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IN ARIZONA, THEY LIKE TO FLY by Amy Leona Havin

Traveling through the American West, as I do, amongst days flying past riverbeds, praying to red rocks, and resting at edges of desolate highways and dry grass meadow… 

I found a compass, pointing towards my true North. It asked me to take fragments of memory, mind, winds, and language to create a capsule of eternal time, tethering me back to these moments. To look back on and remember, that a Goddess is made, in the moments when she is born. Contrary to its given name, this poem was written about the Utah stone... written in the crevices of red rocks, and from the damp one-lane roads of blacktop highways. It was written by doe-eyes pressed to the foggy car window, rolled half way down and half-afraid of the looming figures at dusk, flying by like 50mph speed posts on the side of desert highways. The three mountainous Gods that approved our safe passage... and this poem is for them.

Photographic art by the author, Amy Leona Havin

In Arizona, they like to fly
by Amy Leona Havin


The first mountains we saw
appeared in the voluminous dusk.
Horrifying and tasteless,
faces muttering to us…
they were resilient, wide-eyed, vast, and hushed dim
in the silhouetted light of storm-coming.
Peering over our heat-worn skulls at the road,
the crawling and crooked tires underneath our feet,
I shook with chill and signaled—
signed to their majesties in a wave of eternal promise
praising their auburn names, reciting, “Grim Man… Lowry… Delilah…”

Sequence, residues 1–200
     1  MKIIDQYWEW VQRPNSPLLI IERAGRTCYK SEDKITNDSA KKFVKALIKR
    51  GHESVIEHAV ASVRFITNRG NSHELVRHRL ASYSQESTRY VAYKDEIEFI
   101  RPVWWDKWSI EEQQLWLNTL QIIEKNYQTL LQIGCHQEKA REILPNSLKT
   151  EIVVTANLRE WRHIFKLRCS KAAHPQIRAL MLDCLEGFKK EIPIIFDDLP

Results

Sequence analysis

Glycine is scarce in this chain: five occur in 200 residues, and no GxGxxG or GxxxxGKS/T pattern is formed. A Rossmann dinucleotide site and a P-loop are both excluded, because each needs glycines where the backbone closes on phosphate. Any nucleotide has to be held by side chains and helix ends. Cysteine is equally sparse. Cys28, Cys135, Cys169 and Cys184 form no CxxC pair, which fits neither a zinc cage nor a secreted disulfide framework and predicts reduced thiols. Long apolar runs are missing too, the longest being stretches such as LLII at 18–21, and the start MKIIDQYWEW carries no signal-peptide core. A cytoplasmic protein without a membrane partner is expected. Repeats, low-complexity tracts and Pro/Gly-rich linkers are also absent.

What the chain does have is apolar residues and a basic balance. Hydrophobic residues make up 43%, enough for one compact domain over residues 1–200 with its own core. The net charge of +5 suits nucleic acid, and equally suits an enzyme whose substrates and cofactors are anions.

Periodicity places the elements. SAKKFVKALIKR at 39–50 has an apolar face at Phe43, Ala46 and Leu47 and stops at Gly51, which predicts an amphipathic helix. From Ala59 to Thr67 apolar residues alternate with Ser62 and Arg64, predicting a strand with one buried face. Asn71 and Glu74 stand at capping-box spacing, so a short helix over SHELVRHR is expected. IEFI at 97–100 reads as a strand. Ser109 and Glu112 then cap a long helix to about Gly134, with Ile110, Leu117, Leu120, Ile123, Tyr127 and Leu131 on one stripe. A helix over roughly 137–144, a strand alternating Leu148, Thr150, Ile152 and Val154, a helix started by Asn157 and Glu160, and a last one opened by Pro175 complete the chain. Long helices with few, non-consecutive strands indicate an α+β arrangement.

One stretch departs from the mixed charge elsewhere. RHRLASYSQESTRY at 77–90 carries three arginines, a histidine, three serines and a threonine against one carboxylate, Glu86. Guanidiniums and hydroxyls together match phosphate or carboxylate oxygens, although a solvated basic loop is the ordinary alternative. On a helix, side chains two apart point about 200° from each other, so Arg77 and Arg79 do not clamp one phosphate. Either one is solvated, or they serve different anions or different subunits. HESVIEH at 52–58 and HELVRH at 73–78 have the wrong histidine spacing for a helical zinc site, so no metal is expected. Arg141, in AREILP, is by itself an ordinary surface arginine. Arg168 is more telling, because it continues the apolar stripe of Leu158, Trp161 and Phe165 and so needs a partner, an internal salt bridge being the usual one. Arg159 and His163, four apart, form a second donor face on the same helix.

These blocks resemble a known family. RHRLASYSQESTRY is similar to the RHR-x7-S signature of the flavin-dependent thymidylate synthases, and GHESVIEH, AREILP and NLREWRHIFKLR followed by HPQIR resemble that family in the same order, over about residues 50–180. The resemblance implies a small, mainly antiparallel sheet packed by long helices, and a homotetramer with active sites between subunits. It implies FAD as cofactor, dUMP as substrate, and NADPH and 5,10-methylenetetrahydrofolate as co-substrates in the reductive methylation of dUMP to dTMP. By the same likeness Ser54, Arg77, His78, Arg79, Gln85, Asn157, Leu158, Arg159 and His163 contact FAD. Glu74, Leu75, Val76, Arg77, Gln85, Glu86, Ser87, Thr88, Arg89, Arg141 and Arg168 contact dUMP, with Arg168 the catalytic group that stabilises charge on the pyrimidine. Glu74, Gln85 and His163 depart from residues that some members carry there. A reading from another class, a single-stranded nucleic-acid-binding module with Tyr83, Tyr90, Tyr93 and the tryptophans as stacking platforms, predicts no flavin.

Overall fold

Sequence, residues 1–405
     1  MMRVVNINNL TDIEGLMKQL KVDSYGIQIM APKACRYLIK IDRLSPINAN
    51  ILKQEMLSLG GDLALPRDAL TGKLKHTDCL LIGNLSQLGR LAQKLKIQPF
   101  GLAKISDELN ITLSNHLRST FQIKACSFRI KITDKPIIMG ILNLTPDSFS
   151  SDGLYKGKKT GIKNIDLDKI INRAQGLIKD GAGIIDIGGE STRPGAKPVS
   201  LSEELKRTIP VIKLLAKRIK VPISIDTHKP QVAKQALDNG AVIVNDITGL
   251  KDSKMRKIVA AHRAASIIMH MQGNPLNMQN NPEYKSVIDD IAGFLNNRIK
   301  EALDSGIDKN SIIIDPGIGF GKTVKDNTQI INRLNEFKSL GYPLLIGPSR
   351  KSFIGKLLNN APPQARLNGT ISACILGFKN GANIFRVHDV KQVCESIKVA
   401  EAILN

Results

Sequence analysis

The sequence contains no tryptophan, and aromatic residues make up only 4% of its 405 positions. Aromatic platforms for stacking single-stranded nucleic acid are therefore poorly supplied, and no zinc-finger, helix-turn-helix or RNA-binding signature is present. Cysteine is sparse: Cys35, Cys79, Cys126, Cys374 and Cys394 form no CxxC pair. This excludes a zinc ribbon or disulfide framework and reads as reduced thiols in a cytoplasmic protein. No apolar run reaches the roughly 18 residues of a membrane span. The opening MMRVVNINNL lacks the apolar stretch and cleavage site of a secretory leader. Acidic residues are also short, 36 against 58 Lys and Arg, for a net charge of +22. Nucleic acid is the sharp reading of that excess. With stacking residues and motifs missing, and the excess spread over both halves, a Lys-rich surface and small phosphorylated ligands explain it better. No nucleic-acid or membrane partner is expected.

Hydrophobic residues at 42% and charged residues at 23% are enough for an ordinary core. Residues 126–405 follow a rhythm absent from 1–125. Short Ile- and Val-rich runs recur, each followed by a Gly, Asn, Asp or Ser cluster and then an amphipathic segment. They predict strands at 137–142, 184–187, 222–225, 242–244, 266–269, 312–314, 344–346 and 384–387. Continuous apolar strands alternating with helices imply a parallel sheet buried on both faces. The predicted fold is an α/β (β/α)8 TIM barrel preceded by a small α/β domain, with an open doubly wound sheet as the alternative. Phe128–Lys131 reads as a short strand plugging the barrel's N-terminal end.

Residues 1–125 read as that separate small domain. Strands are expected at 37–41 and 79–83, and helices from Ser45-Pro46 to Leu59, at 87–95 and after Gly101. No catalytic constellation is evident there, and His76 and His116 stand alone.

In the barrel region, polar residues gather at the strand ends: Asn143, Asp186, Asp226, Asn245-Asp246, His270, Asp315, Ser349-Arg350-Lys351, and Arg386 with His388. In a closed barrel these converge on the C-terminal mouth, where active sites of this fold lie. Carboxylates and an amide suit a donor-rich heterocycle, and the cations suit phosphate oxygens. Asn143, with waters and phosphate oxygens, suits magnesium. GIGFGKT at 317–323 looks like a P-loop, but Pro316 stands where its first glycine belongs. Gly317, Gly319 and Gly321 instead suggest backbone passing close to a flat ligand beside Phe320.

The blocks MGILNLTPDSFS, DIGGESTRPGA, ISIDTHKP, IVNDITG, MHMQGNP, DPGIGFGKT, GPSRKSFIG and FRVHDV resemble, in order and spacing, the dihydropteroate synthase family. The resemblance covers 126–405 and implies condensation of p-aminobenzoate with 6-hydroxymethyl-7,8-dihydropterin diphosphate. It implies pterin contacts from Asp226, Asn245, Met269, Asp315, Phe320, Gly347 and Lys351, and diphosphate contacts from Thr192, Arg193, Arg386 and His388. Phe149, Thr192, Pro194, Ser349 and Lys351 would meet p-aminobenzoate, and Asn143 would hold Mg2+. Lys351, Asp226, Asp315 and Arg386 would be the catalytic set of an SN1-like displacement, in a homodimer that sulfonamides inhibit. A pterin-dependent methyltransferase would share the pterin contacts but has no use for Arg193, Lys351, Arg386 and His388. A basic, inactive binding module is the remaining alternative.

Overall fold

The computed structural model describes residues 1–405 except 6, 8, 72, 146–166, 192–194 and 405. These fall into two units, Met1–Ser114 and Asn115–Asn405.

as we passed.

In the new morning hours, beneath the red rocks and the plummeting sky,
I held canyon with my whole bare body.
Bare canyon, with my born and tattered breast
arches running loudly below my naked feet
evaporating soul and sweat from the top of my head.
And they whispered to us, patting us down for traces of the enemy,
each moment spent in a rippled and welcomed nausea—
hands clasped together in the painstakingly dry and everlasting burning of the sun…

The Colorado river beads await my broken daylight,
coming to my mouth and asking me to drink the saucer sweet drips
in solitude, feeling the chill-blessed rock send relief to my ever-burning desert spirit.

That night we scampered up the blind sight lines
watched the sun set from the Golden Arches—
blessed rock
rich with stone, yet frail
holding dynasty for cave-Gods
for Olympus.
Massaged with the blossom of gloom,
maddened with the eroded baselines,
while extending ladders to the Heaven-skies
for us praying mortals, who melt on Forceful Rock,
never to be seen again.


Because in Arizona, live merciless mountains, and they sure do like to fly.




Amy Leona Havin is a poetess, yogi, dancer spiritual student, wild-woman, and natural beam of light based in Portland, Oregon. An Aquarian, she spends her days penning letters to friends and basking in the summer sun. Her writing began as an exercise in patience and the practice of being heard, and grew to become a career in literature, language, and the arts. She is a constant traveler and true lover of nature, wandering through deserts, hitchhiking the highways, and finding solace in all bodies of water. She is the Artistic Director of Portland-based dance company The Holding Project and has recently released an illustrated book of poems titled SHAKTI. Her work can be found here. 


~If you are interested in seeing your poetry appear in this blog, or submitting a poem by a woman that has inspired you, please click here for submission guidelines. I greatly look forward to hearing from you!~  

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